by Anthony King
Admittedly, my fandom for Westerns is only about a year old. Thanks to the Pure Cinema Podcast, though, and their three-part series on Westerns (including a conversation with Joe Dante) I really dug in. In the few dozen Westerns I have seen, I've noticed something: early American Westerns aren't that exploitative. The old John Wayne films like Stagecoach and Red River; Gary Cooper in High Noon and Man of the West; or James Stewart in Bend of the River and The Man From Laramie, while great films, don't feel exploitative to me. They're more of a history lesson. It's not until the old American West is put in the hands of the Italians, Spanish, and Aussies that it enters into exploitation territory. These directors from foreign lands look at America and its history and say, “My god. The United States was built by the greed of the powerful and the slaughter of the innocent.” And it's true.
We kick off this double with a modern Aussie Western. The Proposition (2005) stars the indelible Ray Winstone as Captain Stanley, a British officer charged with trying to settle land in the Australian Outback. After apprehending two outlaw brothers, he offers one (Guy Pearce) a deal to bring in his other brother to be hanged. While not set in America, the film still explores the ideas of greed, power, and racism. Now, I don't know anything about Australian history, but I assume aboriginal people were killed off or enslaved in order for the white man to claim the land as his own. Sounds familiar.
Both of these films felt awfully relevant as the world, and America in particular, is currently going through a difficult yet necessary time pertaining to basic human rights. The rich and powerful are exploiting those deemed less-than. In The Proposition, the aboriginal people are used as servants and looked down upon by the white man. In one particular instance, an officer is calling out for his servant and a black outlaw comes out and says, “You got the wrong fuckin' black man,” in a seemingly cathartic beat. In Dead Men, corruption flows heavily through the rich and powerful in town. From the sheriff to the richest man in town, these men (always men) are concerned with only one thing: more money and more power. Like the quote from the top of this essay from The Proposition, in both films we have white men asserting their dominance to take what doesn't belong to them. By any means necessary.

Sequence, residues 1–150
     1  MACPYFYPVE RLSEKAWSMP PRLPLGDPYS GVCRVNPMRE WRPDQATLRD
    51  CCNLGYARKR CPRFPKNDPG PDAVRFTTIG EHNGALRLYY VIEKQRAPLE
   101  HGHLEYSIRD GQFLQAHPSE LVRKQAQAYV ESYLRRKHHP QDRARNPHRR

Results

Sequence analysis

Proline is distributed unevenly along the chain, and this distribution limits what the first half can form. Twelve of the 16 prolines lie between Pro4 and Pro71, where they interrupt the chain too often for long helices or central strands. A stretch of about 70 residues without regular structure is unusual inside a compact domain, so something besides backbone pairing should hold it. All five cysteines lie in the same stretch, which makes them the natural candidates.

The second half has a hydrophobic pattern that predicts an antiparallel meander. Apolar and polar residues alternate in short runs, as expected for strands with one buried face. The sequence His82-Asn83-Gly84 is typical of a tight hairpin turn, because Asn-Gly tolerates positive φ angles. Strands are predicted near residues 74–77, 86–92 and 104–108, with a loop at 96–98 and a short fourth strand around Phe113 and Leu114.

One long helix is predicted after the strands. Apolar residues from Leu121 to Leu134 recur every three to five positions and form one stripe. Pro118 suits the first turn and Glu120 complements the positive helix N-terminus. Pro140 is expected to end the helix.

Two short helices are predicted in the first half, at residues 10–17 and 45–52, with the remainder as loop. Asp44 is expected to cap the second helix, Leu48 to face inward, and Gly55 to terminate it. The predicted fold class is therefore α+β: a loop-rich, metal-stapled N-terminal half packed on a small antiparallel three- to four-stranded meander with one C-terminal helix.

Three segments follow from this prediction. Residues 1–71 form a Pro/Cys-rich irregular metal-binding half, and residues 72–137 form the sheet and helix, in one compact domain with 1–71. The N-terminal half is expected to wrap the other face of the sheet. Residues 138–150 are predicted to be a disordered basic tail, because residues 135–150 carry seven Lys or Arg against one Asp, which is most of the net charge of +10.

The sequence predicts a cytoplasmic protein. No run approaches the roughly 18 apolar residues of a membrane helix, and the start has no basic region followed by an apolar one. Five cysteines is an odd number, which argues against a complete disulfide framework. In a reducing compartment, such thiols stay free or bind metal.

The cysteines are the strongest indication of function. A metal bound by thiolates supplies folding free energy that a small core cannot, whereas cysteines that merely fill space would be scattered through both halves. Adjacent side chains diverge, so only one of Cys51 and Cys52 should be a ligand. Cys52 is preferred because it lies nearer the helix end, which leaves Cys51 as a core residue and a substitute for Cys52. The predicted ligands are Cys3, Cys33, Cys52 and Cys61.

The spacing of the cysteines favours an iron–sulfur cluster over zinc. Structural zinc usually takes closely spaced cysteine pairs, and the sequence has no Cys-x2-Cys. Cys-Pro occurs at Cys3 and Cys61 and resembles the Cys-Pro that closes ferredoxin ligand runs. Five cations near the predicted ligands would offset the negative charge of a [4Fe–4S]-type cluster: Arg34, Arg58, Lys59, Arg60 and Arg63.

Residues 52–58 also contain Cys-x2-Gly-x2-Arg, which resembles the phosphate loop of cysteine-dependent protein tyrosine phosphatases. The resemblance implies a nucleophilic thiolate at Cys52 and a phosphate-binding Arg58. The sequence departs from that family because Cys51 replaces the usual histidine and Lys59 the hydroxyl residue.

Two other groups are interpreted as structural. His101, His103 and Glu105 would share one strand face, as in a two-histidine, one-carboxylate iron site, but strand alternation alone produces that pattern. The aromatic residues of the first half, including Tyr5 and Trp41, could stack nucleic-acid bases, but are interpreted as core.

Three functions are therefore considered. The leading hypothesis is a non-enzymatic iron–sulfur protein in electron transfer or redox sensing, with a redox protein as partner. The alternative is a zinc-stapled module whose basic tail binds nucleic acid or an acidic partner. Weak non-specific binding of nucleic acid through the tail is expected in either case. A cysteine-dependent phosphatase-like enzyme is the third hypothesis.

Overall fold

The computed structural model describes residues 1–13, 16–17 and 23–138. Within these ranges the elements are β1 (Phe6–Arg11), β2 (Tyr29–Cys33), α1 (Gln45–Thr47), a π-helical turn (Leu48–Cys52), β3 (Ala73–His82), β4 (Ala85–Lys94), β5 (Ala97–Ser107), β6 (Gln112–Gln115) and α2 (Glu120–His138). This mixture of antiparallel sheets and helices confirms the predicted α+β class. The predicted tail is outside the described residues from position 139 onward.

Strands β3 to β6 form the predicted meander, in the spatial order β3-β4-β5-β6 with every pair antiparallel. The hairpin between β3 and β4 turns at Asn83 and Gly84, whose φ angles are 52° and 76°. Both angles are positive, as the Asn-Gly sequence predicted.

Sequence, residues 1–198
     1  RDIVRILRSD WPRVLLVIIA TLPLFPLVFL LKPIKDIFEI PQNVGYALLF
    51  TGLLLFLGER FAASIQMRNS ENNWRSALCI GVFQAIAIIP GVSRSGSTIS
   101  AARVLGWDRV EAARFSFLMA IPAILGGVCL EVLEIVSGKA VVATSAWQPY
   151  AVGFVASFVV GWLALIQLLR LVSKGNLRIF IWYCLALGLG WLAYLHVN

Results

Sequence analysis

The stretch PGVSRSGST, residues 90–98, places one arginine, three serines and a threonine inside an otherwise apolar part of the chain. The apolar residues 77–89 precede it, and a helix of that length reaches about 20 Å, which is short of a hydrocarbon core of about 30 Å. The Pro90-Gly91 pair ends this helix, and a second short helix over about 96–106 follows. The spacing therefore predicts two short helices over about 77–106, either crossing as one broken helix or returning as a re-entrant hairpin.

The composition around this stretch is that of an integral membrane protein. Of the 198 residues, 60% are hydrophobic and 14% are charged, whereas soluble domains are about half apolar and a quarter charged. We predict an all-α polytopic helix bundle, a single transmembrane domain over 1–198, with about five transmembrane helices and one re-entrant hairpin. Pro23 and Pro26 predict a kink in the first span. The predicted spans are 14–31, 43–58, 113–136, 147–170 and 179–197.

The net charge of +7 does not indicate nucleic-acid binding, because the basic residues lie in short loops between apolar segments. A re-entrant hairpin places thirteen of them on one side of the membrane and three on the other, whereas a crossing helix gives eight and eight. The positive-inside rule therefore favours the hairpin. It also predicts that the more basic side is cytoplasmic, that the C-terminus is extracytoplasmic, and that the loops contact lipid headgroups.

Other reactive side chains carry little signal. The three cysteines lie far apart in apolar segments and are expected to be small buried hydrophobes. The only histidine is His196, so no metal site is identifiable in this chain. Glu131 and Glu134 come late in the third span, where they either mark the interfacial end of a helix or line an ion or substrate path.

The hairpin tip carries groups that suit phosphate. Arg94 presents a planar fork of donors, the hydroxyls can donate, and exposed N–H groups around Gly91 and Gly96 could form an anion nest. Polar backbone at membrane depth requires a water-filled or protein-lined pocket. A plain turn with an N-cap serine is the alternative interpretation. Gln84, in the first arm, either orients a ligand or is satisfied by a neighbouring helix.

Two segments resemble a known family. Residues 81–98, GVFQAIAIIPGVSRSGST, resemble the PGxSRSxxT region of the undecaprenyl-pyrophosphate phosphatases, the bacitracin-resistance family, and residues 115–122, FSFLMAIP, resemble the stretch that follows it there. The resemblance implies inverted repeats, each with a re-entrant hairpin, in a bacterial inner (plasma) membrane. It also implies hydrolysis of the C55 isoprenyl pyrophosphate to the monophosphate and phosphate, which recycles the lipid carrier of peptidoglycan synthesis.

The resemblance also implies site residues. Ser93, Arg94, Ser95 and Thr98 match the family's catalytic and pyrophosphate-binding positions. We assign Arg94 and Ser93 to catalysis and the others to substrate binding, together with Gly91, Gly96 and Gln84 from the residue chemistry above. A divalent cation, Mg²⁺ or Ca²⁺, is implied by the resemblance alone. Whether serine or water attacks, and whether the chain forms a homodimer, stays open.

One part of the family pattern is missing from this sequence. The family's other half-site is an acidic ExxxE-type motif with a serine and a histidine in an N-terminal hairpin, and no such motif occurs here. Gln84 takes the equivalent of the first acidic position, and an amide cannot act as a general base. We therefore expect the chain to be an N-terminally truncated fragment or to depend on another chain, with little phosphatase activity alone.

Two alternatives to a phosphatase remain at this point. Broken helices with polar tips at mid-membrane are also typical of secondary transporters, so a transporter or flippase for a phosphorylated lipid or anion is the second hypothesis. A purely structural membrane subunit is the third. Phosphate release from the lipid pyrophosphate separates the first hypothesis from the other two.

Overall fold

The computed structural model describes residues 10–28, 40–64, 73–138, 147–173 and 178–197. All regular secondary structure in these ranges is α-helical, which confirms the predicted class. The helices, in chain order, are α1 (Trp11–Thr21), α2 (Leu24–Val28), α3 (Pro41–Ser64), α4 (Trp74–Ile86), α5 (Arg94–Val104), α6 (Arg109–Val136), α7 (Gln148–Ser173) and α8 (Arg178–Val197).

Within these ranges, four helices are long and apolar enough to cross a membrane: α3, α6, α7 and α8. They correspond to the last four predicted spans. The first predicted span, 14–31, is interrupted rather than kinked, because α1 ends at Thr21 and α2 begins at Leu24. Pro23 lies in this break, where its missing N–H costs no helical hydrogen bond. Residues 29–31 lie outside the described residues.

Nick Cave (yes, that Nick Cave) wrote the screenplay, and knowing some of his song lyrics, the script is very Nick Cave. While I can't say there's a single likable main (or secondary, even) character in The Proposition, Winstone's Captain Stanley and Pearce's Charlie Burns both skirt the line between decent human being and evil piece of shit. They're both faced with an existential crisis: “I find myself in an awful situation, but I want to do the right thing.” The Proposition is quite bloody (the opening scene is reminiscent of The Devil's Rejects, you'll see a head explode, and there's a brutal lashing scene), but it's also quite heavy and ends on a beautiful ambiguous note.
Dead Men is much lighter in tone, which is why I suggest playing it second. There are some truly funny moments, but the overall message still rings true: men will do anything to gain more power. Men will lie, cheat, steal, and kill if they think it will give them the upper hand. Some might say this isn't a very memorable film, but it's one that has stuck with me since the first time I saw it. Over time a lot of these Spaghetti Westerns may start to blend together, because, let's be honest, it's usually the same storyline over and over. But Steffen and Damon make a really great team here, which is something you don't often get in American Westerns.